Report hearing third day of trial October 17

Report Third Day of the Trial

Thursday 17th October 2019 for R v Kathlin Armstrong at the Local Court of NSW, Downing Centre, Court 4.2.

The hearing recommenced at 9:30am, presided over by Her Honour Magistrate Carolyn Huntsman. The defence team is Peter O’Brien and Tahn O’Rourke.

Kat Armstrong is accused of having returned money that was lent to set up the organisation, without the WJN Board's authority. She asserted the "legal right of claim", creating documents that authorised the return of the loans.

Natasha Thompson, the President of WJN, financial accountant and General Manager of Barnados, was called to the witness stand to discuss the various bank transactions on the WJN accounts.


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Prior to cross-examination, the witness said she wanted to raise issues with the prosecutor which might affect her ability to provide evidence. She and the prosecutor went out, and on returning the magistrate said that no person should behave in a manner that would hinder the witness’s ability to provide truthful evidence. This suggested that Ms Thompson was made to feel uncomfortable by people on the defence side, however all agreed there was nothing done or said to justify that.

The prosecutor’s examination of Ms Thompson resumed with the presentation of various bank statements that were accepted as evidence by the judge.

The defence lawyer Mr O’Brien commenced his cross-examination about Ms. Thompson’s experience as a board director of WJN. It transpired that she had only been a director of WJN and president of the board since January 2018 and that her involvement prior to this was as a skilled volunteer. The defence team pointed out that she had not been properly elected, to which she did not object. However she said that she felt that Kat was too inexperienced and questioned her adequacy to be President of WJN.

Ms Thompson said that Ms Armstrong had done her induction, and that she had been told that in order for payments to be made, two people would have to approve them through delegation or authorization. The fact that Ms. Armstrong had not sought approval from two parties was one of the reasons Ms. Thompson became suspicious of her activities. The defence pointed out that there had been transactions made by other board members that had not been authorized by two parties, but Ms Thompson had failed to mention those to the police. Ms. Thompson claimed that the reason was because those were not fraudulent unlike Ms Armstrong’s transactions that she believed were.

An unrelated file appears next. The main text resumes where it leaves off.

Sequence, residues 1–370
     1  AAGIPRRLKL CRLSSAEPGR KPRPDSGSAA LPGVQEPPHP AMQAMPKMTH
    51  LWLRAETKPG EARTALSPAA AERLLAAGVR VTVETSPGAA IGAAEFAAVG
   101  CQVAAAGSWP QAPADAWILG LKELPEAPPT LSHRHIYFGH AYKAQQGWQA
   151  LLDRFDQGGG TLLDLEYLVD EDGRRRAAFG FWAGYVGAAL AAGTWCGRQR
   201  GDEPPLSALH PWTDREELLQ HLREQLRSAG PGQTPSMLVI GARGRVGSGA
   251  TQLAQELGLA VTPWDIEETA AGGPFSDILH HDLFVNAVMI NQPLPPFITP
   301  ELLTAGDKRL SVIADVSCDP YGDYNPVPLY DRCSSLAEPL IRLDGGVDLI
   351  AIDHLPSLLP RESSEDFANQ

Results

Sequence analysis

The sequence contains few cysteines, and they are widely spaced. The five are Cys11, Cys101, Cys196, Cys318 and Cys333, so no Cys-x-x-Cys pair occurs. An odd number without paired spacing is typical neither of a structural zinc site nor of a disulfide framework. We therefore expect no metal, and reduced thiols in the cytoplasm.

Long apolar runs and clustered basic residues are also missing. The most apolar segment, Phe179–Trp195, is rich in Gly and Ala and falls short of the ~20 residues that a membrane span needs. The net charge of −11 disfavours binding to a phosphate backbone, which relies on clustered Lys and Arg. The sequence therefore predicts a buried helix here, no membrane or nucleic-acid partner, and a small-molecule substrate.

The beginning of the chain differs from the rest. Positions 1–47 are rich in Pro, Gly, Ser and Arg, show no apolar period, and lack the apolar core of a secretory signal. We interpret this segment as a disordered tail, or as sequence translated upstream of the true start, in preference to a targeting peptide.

The defence observed to Ms Thompson that as part of her investigation and reading of the Board and Finance Sub-committee minutes, that she hadn’t seen any items about delegated authority. She was asked if this meant that the protocol intended and the practice actually adopted weren’t the same. She agreed.

Mr O’Brien argued that Ms. Thompson’s view on the authority of transactions made as well as her claims that Ms. Armstrong’s transactions were fraudulent merely a matter of opinion and not backed up by evidence, which is not admissible as stated within section 76 of the Evidence Act (Cth). He continued to argue that Ms. Thompson was not an expert witness since she does not have specialized knowledge in the required area, and therefore cannot make an independent assessment. The magistrate agreed.

Interestingly, Ms. Thompson agreed with the defence that WJN is an organization created for women who have previously been incarcerated, and that as part of this, it would also be run by female ex-prisoners. However she said that for the organization to be sustainable it required skilled people to manage it.

After a break for lunch, the issue of wages arose and a miscommunication was highlighted where Ms. Armstrong had asked to stop receiving wages from the Department of Justice. This was interpreted by WJN as a halt in wages altogether. This was not what Ms. Armstrong had requested thus the defense argued WJN owed Kat money but Ms. Thompson rebutted that by stating that Ms. Armstrong was a volunteer and therefore was working on a non-paid basis. The magistrate said that she would have to consider both points of view and come to a decision whether Kat was owed money.

The final witness of the day called to the stand was Helen Campbell who is the national credit manager of Print Force Australia - Hero Print, who provides print-related services to other trade companies. She provided a statement to the police stating that payments were made from Breakout Media to HeroPrint for goods and services and it was implied that Ms. Armstrong had overseen some of these transactions using funds from WJN. The witness was not cross-examined and the court was adjourned shortly after 3pm.



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